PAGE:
I'm sitting at the dining room table, trying to work (or, possibly, play Scrabulous). Riley is under the table, pressed up against me. He is sitting on my foot. He's a warm presence; I like the weight of him, and I like feeling him breathe. I never thought I'd like a short-haired dog until I met him.
Most of you know about his troubled past, and his skittish ways, and how hard it was [note: ooh he just lay down. on my foot.] for us to get him to trust us and play.
But this last year or so he has really come into his own. Like Miss Brodie, he's in his prime. He's almost seven, and he's calmed down, and he's bonded strongly with us. The other day we were at Doug's mother's apartment, and I offered to take her trash down the hall for her. Doug told me that when I closed the door behind me, Riley got upset. Whimpered, and went to the door and waited for me.
Now that wouldn't be unusual for, say, Toby, but for Riley it's quite a little victory.
This morning Doug came across Riley's folder from the North Woods Humane Society. His name, in those days, was Miller. He was about four months old, standoffish, and scared.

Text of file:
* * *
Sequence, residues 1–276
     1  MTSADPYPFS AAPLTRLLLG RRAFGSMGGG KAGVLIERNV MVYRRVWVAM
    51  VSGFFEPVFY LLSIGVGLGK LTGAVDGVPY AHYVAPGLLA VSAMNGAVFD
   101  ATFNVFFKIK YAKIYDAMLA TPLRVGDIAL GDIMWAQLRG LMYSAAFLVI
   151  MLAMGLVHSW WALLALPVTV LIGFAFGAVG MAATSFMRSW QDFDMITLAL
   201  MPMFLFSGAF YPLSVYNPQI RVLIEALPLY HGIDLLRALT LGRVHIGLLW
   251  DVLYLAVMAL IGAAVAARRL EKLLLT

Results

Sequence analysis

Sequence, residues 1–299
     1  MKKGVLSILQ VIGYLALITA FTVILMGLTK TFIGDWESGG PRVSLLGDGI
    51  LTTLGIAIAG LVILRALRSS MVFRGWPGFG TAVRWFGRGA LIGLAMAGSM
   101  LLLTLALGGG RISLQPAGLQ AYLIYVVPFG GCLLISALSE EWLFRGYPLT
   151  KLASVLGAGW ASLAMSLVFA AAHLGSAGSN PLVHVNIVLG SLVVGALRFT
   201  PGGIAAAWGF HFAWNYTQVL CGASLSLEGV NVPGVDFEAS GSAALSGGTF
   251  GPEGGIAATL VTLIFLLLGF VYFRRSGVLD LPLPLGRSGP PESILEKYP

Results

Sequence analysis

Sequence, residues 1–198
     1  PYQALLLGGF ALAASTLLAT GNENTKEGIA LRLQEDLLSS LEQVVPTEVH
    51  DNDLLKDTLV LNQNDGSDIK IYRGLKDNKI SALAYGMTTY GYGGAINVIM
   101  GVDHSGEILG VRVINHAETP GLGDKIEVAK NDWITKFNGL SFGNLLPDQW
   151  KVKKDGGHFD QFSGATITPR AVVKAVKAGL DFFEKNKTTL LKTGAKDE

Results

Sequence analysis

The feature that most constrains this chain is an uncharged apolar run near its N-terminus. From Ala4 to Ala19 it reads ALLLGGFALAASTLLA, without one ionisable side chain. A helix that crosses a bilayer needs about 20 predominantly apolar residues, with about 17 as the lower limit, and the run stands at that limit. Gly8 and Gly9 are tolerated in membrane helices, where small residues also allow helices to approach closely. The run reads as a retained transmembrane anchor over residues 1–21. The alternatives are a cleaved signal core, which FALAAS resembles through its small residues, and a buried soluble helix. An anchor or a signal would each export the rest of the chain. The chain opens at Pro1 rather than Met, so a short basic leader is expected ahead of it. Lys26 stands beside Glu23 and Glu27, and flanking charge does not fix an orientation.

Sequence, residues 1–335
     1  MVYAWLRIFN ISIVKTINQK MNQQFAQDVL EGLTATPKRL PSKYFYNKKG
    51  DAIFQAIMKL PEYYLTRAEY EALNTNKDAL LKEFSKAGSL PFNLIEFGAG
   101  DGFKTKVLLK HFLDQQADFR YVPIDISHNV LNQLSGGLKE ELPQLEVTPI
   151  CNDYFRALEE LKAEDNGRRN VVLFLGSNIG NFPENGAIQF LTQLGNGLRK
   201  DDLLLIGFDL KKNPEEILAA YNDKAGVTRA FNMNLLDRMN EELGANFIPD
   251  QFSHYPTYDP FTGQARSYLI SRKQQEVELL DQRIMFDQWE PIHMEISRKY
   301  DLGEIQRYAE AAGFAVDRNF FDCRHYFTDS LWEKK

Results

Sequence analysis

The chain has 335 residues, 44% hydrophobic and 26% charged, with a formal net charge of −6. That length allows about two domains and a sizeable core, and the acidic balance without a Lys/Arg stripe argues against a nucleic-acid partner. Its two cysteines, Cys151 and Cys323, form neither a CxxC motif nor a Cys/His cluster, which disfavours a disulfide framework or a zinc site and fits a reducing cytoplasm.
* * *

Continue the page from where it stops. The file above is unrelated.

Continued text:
I'd remembered the general reasons why Miller was in the pound, but it was rather jolting to read them again. I had forgotten the precise wording, and how stark it was.
Why are you surrendering this dog? Our dog and kids don't get along.
Has he ever bitten anyone? Nipps at my kids--Because they were being agressive towards him.
Please write additional comments regarding this dog on back of this sheet. He is a good dog. But my kids were too agressive towards him. Also my dog was very jealous of a new puppy But Miller gets along great w/people and animals.
OK, that last line is an out-and-out lie. It has taken us a full six years to help him realize that the world and its beings are not out to hurt him.
Sometimes, I wish I could have gotten him from the very start. If I had, I wonder if these six years would have been a little easier on him, if he would have had more dog friends and fewer neuroses. Maybe not; he might just be skittish by nature. That's something I can never know.
But I do know this: Whoever that woman was who wrote those comments, and who knew enough and was kind enough and responsible enough to bring the scared, nipping little black-and-white puppy to the pound, was a good soul. The dog was too much for her family, and she realized it. I am grateful to her for that. And I wish she could know that, six years later, little Miller is doing just fine. That he turned out to be, just as she said, a good dog.